Hayden: If you’re looking for a question mark (outside of James Harden) on this team, it has to be defense. The Rockets have a few very solid individual defensive pieces, but other than that, we have quite a few unknowns at the top of the lineup. Wall has made an all-defense team before, but what defensive value does he bring currently? I don’t think Boogie is a negative on defense, but likely isn’t the anchor you need. And Christian Wood has shown signs of switch ability and rim protection, but we need to see those things play out over the course of a full season.

Michael: Spacing on offense. Non-participants off ball in the Lakers series were often just as detrimental as non-shooters, and having all five players engaged on every possession – with or without the basketball – is essential to the team’s success. Harden moved a lot more and took more spot up attempts with Christian Wood in their first game together, and this is a positive trend that has to continue.

Zach: Defining a rotation. It was recently reported that Eric Gordon would come off the bench (a sigh of relief for every Rockets fan), but outside of that, there’s been no indication as to how minutes will be distributed to what is a deeper team than we’ve seen in year’s past. Which of the young wing players will actually carve out a consistent role in the rotation? Additionally, there is still no real backup PG on the roster, and it’s unclear if someone like Sterling Brown will take over that role or if the Harden-Wall minutes will be heavily staggered.

4. Which player will be the biggest X factor this season?

Itamar: Eric Gordon. It’s been true in every season since his arrival, and this one is no different. Although his point of attack defense isn’t as needed, trading for John Wall – whose usage rate is lower than Westbrook’s – and the Rockets’ lack of a back up point guard will ensure a larger role for EG in the offense. His 3 point shooting, combined with his slashing ability, makes him a dangerous offensive threat who’s capable of being the 2nd leading scorer on any given night.

Chris: Rockets’ twitter fan favorite Christian Wood. Last season with the Pistons, Wood came on strong after Blake Griffin’s unfortunate knee injury. But, Wood had never played more than 21 games in a season during the prior 5 seasons. He’s got the size and skill to form an incredible duo with Boogie this season, but it comes with risk. If Detroit Wood shows up, Houston has a solid foundational piece, but if Wood regresses to his Milwaukee or Philly days, this could be a disastrous signing for Houston.

Hayden: Boogie Cousins. In the short preseason, we’ve seen how deadly Cousins can be from long range. If he can continue to shake off the rust, stay healthy and be the stretch-playmaking big that he’s capable of, he could be an absolute nightmare for other teams’ second units. Last year, the Rockets suffered from a lack of viable bench play. There’s a chance that Boogie can solve a lot of those problems.

Michael: David Nwaba. The Rockets were 15th in defensive rating prior to the Robert Covington trade, and going small + Covington allowed the team to reach new defensive heights (1st in the bubble in DFRTG, 3rd in the playoffs). Nwaba will have to replace the help/off ball defensive wizardry of Covington for the Rockets to reach their full potential.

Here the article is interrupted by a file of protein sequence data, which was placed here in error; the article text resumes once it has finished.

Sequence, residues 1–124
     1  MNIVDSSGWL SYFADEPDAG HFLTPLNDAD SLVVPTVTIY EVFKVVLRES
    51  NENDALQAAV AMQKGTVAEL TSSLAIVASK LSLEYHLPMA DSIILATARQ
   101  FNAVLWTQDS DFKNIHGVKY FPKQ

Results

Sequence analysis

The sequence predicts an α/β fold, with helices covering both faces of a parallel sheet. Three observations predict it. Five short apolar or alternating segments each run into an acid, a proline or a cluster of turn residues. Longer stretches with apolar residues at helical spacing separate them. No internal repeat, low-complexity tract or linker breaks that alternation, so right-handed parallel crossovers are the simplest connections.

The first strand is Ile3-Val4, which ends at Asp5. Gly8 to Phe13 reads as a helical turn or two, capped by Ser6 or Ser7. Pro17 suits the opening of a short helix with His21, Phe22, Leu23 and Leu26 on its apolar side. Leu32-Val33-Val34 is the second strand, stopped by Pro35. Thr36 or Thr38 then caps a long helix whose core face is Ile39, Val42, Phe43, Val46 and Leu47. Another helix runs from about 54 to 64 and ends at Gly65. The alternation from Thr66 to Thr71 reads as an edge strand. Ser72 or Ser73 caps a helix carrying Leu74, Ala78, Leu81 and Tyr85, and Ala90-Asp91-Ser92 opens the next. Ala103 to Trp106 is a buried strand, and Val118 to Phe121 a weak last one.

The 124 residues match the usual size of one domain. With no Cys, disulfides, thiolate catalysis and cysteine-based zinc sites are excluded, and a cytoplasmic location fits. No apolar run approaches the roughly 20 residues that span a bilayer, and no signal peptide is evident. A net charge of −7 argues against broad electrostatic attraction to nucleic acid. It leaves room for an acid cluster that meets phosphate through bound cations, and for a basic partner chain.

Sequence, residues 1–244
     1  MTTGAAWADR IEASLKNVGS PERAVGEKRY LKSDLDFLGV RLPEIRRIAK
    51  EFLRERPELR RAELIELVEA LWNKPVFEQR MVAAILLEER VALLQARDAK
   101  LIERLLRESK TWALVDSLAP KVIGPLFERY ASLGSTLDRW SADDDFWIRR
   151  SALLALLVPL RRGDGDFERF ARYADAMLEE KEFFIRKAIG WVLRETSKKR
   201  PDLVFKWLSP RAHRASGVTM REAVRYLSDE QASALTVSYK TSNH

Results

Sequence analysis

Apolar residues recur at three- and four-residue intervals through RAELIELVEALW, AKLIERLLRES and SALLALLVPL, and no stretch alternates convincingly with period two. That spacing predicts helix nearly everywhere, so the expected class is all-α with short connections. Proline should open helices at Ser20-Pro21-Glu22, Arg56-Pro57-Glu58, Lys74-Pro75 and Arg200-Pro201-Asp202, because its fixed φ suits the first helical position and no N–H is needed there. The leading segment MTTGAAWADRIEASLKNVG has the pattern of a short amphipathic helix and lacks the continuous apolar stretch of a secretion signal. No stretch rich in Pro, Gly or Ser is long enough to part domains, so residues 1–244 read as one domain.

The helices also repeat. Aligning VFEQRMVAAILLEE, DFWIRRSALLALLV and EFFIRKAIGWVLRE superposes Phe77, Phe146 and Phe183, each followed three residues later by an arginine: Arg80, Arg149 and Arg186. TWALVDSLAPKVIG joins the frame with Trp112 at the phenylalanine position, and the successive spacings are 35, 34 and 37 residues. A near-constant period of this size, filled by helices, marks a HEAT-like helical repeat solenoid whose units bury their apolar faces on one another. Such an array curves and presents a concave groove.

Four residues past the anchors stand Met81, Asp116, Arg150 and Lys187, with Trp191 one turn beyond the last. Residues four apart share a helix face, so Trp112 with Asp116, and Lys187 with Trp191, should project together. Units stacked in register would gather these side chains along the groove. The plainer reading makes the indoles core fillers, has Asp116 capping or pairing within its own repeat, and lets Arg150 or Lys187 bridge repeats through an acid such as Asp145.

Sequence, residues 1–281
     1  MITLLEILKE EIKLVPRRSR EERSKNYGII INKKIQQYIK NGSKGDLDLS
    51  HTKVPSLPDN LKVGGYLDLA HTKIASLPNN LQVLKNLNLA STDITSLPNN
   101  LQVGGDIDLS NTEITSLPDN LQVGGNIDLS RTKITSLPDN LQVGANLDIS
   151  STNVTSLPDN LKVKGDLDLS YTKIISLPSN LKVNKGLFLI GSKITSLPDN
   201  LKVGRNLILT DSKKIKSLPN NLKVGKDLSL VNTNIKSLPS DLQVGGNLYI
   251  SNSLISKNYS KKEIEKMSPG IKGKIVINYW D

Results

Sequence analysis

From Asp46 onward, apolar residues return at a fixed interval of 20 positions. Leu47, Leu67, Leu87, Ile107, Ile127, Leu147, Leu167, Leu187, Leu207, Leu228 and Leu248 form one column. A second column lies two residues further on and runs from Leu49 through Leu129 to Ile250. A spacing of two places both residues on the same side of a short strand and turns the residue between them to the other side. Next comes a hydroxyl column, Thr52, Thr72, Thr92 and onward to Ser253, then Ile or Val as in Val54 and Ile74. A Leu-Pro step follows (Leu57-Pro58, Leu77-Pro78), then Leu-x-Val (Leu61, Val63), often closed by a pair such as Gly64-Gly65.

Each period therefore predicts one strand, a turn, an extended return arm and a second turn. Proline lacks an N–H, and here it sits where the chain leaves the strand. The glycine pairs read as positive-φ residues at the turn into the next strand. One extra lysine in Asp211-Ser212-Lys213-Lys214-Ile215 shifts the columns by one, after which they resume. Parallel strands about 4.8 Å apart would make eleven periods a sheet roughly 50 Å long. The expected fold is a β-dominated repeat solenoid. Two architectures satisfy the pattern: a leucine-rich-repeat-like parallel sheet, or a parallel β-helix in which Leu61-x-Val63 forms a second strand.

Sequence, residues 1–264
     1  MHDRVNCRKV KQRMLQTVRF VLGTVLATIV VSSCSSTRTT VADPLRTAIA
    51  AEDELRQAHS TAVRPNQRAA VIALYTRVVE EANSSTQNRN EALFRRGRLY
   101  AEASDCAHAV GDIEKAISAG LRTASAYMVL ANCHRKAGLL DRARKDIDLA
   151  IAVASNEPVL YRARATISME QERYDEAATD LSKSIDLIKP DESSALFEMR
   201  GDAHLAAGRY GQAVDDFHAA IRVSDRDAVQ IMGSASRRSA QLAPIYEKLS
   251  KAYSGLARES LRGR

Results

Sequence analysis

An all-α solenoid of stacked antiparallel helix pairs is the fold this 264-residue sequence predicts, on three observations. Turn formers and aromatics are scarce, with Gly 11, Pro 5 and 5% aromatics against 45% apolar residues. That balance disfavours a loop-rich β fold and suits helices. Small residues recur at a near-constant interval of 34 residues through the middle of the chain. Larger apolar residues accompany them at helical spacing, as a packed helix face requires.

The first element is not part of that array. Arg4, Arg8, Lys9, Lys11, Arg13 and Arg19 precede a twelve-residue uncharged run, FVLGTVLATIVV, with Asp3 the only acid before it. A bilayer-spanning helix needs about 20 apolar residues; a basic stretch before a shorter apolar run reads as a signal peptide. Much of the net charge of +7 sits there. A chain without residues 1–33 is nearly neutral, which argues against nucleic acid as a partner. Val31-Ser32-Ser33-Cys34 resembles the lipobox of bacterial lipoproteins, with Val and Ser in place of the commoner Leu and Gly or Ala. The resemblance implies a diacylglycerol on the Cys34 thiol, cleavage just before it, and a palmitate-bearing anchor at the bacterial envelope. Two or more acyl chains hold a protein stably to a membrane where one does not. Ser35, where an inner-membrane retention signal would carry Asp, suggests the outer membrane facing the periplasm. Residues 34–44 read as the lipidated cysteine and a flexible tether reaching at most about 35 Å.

Zach: I mean, James Harden? James Harden’s effort level (provided he is not traded) will be the defining aspect of the Rockets’ season. If his body language is bad and he’s not playing defense, this could be nothing more than a play-in team. But if he’s playing hard and willing to give this younger roster a chance, there’s really no telling how far this team can go.

5. What is the ideal closing lineup?

Itamar: Wall-Harden-Gordon-Tucker-Wood. The lineup which consists of your 5 best players is typically the one you’d rather have on the floor to close out a game, and this one offers great offensive versatility, as well as defenders who are capable of stringing good defensive possessions together when it counts.

Chris: In a perfect world where health and progress is a given, we’re getting a closing lineup of Wall-Harden-House-Wood-Cousins. The versatility of that lineup could go toe-to-toe with any other in the league on a nightly basis. 

Hayden: Wall-Harden-Tucker-Wood-Cousins. Looking forward to the playoffs, the Rockets will have to contend against teams like the Lakers and Nuggets who beat you with size. This closing lineup keeps the scoring ability in tact while also putting as much size on the floor as possible.

Michael: Wall-Harden-EG-Tucker-Wood. I would change this lineup if Cousins is a plus defender or if one of the wings (Nwaba, House, Tate, Brown) has an outstanding start to the season. Otherwise, this is the most realistic closing 5.

Zach: Wall-Harden-Gordon-Tucker-Wood. I think that Tucker is a must here, as the Rockets will need some semblance of defense coming down the stretch. As for Gordon vs House, I went with Gordon because I feel that – at least right now – he is a more capable offensive player and can help pull defensive pressure away from Harden and Wood. I might need to revise if he starts chucking, though.

6. Record and playoff predictions? (Reminder: 72-game season)

Itamar: 42-30, 5 seed, 2nd round exit.

Chris: This is, of course, dependent on if Harden is there and engaged throughout the season, but this feels like a 47-25 record. Unfortunately, the playoffs will likely feature a similar story to last season – a second round out against a team like the Lakers. I’d love to be wrong here though. 

Hayden: If Harden stays and if there aren’t any major injuries, 45-27. 2nd round exit to the Lakers.

Michael: 45-27, Exit in the Western Conference Semi-Finals.

Zach: If everyone’s healthy, I have a weird optimism about this team. 48-24, top-3 seed, push to at least a Conference Finals.